Furthermore, all measures for assessing PSE are self-reported, therefore potentially biased by social desirability. Jones and Prinz ([42], p. 360) observe that this distortion can occur in two direction: some respondents “may inflate the reported PSE beyond their experienced level of confidence” to satisfy an image of “good parent,” but conversely “parents with high levels of confidence may lower their reported PSE as an act of humility.” However, as Bandura et al. [8] remind us, self-reports necessary remain the only possible search strategy, because self-beliefs are private cognitive events and they are accessible only to the individual who holds those beliefs.

Finally, most of studies are correlational and PSE is not to be considered as a stable personality trait, which may explain both the parent’s behaviors and the developmental outcomes in children. Multiple factors may influence PSE such as child temperament qualities, parent individual variables (such as gender, grade of instruction, experienced stress, etc.), or family factors (marital support, coparenting, etc.); therefore assuming a causal perspective of influence moving from observed associations may be a mistake. Alternatively, Prinz and Jones [42] suggest two promising strategies for research: (a) longitudinal design, which allows to evaluate the stability or developmental course of PSE and its links with influencing factors (such as child socio-emotional adjustment [76]); (b) experimental designs in which factors that may impact PSE are manipulated (for example, parent training enhancing parental practices or modifying perception of control on child misbehaviors). The studies presented in subsequent sections offer some examples of these two alternative strategies for studying self-efficacy in family and child adjustment.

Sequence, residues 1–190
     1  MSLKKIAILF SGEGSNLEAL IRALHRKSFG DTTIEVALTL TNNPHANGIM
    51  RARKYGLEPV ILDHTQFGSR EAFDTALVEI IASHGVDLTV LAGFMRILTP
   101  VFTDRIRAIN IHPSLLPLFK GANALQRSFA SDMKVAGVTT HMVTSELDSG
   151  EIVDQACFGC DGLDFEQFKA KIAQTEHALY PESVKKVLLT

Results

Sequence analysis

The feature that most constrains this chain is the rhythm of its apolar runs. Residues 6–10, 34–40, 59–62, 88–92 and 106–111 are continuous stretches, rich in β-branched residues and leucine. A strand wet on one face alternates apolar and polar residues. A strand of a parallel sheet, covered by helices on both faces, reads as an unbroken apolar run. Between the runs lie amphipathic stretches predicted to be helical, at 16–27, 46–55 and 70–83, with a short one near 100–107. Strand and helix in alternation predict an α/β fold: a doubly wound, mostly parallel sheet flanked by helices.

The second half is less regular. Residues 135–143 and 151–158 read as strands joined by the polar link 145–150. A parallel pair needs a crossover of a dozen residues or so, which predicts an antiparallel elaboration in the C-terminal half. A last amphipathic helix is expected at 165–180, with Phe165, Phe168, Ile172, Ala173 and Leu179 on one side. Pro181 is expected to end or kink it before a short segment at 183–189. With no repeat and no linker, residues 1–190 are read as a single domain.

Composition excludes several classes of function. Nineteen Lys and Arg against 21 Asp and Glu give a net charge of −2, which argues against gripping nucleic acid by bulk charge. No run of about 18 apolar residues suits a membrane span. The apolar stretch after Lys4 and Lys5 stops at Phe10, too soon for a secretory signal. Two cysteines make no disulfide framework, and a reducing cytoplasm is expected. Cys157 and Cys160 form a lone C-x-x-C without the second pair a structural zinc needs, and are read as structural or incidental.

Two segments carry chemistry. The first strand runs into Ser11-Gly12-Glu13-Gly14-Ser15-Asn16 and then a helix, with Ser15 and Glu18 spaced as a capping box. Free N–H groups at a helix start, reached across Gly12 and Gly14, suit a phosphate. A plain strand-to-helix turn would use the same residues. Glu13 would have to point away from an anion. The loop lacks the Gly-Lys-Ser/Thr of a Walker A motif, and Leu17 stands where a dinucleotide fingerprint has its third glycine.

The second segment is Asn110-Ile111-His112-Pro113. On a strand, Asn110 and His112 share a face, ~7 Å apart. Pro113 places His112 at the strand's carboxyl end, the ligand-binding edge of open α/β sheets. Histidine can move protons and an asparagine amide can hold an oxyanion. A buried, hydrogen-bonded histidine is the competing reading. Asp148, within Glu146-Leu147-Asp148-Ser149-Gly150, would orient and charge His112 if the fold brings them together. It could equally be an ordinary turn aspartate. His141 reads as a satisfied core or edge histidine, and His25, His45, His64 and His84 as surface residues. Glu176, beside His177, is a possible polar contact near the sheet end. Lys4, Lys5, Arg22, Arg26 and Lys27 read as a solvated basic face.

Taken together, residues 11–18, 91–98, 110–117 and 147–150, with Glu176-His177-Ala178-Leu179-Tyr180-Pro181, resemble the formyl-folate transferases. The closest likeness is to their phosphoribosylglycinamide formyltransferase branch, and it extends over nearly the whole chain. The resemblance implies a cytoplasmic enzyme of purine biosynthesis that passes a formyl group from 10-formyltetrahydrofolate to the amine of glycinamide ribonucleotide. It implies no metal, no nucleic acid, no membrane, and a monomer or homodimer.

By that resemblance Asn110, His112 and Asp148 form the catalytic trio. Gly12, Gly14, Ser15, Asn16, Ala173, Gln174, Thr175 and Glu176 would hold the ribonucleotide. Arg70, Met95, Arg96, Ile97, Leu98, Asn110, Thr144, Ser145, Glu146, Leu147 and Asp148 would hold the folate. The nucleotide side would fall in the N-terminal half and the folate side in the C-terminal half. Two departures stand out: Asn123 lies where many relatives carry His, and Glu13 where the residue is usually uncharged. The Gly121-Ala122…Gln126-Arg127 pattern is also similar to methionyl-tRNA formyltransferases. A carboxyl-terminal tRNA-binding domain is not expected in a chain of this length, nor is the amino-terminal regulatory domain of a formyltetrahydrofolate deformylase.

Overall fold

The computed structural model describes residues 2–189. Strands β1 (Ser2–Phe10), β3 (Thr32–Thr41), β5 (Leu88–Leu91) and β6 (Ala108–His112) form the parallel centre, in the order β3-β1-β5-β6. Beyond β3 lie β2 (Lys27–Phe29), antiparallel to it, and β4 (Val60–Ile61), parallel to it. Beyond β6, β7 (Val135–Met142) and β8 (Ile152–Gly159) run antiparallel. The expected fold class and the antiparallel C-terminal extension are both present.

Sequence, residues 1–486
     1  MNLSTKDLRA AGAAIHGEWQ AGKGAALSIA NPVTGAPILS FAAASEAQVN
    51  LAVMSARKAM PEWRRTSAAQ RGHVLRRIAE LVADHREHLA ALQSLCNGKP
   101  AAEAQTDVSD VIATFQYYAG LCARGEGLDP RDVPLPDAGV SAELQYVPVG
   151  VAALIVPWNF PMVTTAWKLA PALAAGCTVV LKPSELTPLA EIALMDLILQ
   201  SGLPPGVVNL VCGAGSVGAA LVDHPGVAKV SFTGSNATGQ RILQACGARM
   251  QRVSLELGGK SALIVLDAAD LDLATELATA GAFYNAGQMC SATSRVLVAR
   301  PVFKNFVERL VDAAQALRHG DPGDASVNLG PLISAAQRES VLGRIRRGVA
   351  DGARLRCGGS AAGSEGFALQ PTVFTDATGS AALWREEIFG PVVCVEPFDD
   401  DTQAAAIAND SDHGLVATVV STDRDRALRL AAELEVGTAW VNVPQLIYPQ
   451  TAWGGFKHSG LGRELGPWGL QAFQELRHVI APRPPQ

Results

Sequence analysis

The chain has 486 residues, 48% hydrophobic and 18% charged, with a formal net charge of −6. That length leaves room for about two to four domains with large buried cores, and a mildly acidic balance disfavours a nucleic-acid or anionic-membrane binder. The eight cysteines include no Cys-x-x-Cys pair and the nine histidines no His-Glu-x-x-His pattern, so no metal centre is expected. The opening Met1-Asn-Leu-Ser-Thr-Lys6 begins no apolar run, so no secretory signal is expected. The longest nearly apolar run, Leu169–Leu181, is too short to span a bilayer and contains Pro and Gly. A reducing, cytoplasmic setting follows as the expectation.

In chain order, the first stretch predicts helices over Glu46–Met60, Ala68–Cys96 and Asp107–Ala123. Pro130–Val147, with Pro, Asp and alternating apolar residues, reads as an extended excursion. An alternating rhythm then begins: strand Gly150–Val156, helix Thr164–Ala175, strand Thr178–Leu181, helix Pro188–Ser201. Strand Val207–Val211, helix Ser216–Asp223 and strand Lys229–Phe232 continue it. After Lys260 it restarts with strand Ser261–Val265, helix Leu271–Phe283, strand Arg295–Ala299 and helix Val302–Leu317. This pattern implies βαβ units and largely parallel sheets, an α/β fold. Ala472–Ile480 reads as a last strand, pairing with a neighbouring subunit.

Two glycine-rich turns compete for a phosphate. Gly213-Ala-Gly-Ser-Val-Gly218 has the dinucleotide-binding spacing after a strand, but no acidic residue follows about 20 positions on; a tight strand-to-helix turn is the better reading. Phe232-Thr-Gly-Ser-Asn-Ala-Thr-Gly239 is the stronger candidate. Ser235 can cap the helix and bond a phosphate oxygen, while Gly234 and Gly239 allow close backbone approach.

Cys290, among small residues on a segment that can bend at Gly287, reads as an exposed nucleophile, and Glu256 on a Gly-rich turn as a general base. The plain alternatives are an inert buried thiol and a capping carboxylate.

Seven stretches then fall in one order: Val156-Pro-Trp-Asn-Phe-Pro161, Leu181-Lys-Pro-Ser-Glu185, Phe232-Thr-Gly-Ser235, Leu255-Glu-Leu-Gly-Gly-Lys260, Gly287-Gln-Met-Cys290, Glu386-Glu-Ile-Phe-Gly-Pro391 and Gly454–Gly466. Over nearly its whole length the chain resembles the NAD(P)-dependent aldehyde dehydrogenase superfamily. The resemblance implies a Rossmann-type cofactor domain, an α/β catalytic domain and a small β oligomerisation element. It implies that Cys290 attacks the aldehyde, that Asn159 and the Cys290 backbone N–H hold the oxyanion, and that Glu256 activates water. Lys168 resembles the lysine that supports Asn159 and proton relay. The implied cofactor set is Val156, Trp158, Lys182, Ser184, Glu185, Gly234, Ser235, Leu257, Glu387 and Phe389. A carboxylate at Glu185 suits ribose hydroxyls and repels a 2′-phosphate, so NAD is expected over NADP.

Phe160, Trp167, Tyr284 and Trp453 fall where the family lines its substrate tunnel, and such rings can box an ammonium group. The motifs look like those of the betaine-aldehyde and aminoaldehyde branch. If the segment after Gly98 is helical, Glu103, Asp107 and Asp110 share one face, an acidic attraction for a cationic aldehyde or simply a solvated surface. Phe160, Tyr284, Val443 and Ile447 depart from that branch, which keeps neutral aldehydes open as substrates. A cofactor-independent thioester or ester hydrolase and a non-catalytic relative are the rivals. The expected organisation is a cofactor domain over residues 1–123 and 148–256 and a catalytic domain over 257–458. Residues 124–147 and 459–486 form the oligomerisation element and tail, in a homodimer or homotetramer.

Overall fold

3. Becoming parent: infant-caring and self-efficacy development

Parental self-efficacy, as judgments or beliefs about individual’s capabilities to organize and positively perform a set of tasks related to parenting, is not a fixed personality trait, but a construct that is dynamically influenced by parent’s and child’s variables and by their unique history of interactions.